First Principles: The Purpose of Industrial Relations Regulation.
Some central elements of the first federal industrial relations system had become inevitable in the constitutional debate that carried the motion (albeit by a majority of only 3 votes1) that the Commonwealth Parliament shall have the power to make laws with respect to conciliation and arbitration of industrial disputes extending beyond the limits of one State. The fact that at least two of the States (NSW and South Australia) had already established their own industrial arbitration mechanisms in advance of the Commonwealth legislation was also undoubtedly an influence. These developments occurred against the backdrop of a decade characterised by substantial social divisions, economic depression, lockouts and strikes2. It was a period where “freedom of contract” had been fighting collective representation, and winning. The decision taken in the constitutional debates marked a turning point.
When Australia’s first federal industrial relations laws were introduced, they were the product of a compromise that reflected a broad social consensus. The laws were devised by a minority Protectionist Party government held in power with the support of the Australian Labor Party and were implemented by a Protectionist-Free Trade alliance. Some matters of detail (such as union preference and the coverage of the state public services, foreigners engaged in coastal shipping and rail workers) were hotly contested, but the essential architecture of the system was not.
Whilst a Labor-Liberal coalition government might today seem a heretical proposition to both partisan political actors and the community at large, this important footnote in history serves to demonstrate that at its most fundamental level, the basic objectives of industrial regulation were settled well before the ink had dried on the C&A Act. Our proposition in this introductory chapter is that notwithstanding recent cracks (which the instigators of present inquiry are intent upon agitating), this broad consensus is intact and must remain so.
The “political football” contest concerning industrial relations has seen various losses and gains to labour and capital over its 110 year season. Most of the colour and movement however can be attributed to two key periods (which had significant variations within them).The first period covers the ALP-ACTU Wages and Incomes Accord while the second period covers the period of enterprise bargaining, supplemented by the award system. Moves towards the modernisation of Australian workplaces which were already under way in this first period—exemplified by award restructuring and productivity bargaining—were overtaken by the political momentum of a shift to enterprise bargaining3. This second period represented a move towards decentralised wage setting. It was inaugurated in the early 1990s when the Keating government formalised enterprise bargaining and was expanded further by the Howard government in 1996 when individual agreements were formalised. More dramatic changes took place 2005 under WorkChoices, when the ‘no-disadvantage test’ was removed from individual bargaining. Finally, under the Rudd-Gillard governments, the FW Act largely dismantled WorkChoices and inaugurated an agenda of award modernisation. As Borland notes, with regard to the changes during the 2000s:‘ [they were] primarily oriented to changing the relative bargaining power of employers and employees, rather than to enhancing overall economic performance’.4 Today, the residue of all these changes is still evident: enterprise bargaining is entrenched, but with an important role still filled by the award system. Managerial prerogative is in the ascendant, but organised labour continues to show resilience—notably during the fight against Work Choices5—and remains fundamental to both enterprise bargaining, the evolution of the award system, and the maintenance of the minimum wage. In the day-to-day relations on the shop floor, unions also remain significant, despite lower levels of union density in some sectors.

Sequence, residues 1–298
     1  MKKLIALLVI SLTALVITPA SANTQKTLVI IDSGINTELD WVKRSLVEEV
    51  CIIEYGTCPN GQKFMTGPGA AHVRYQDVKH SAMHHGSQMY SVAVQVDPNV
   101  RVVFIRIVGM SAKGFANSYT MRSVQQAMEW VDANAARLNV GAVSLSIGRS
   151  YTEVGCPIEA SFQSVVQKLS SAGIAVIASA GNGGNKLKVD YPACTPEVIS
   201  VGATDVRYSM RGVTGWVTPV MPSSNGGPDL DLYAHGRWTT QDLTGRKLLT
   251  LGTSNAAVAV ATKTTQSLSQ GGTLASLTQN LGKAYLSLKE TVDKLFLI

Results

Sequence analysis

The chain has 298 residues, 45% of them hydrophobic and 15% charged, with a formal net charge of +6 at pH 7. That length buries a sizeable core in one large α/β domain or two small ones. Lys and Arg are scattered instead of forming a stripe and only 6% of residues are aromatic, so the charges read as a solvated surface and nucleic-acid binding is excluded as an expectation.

Whilst the labour movement has seen in aggregate more losses than gains over both periods, those losses have not been as a result of a re-think of the central pillars on which the system has been built. Rather, numerous commenters have aptly described industrial relations policy reform as a pendulum – apt because a pendulum can only swing within pre-defined limits. On the only occasion in recent history where the pendulum was transformed to a wrecking ball swung toward those central pillars, the result was significant public opposition, concerted activism from diverse wings of civil society and a change of government that unseated a Prime Minister.
Ascertaining the central objects of industrial relations laws involves a great deal more than resort to the relevant sections of an item of legislation that purport to state what those objects are. The drafting of such sections has gradually transformed from a mechanical summary of the basic architecture or institutional features of legislation (as was the case with the C&A Act)to broader policy statements that are somewhat obscured by ambiguous political catchphrases designed to ensure each of the loudest lobbyists can be persuaded they have been serviced by the Government of the day6. A much surer guide to the objects of legislation is to look at what it actually does, with the generally safe assumption that what it does do is done intentionally.
The brief account in Table 1 of what Conciliation and Arbitration system did and what the Fair Work system does is sufficient to demonstrate the historical consistency between the then and now. A more fulsome exposition of the major evolving features of modern industrial relations laws is enclosed in Appendix 1.
Table 1: Features of the Conciliation & Arbitration and Fair Work Systems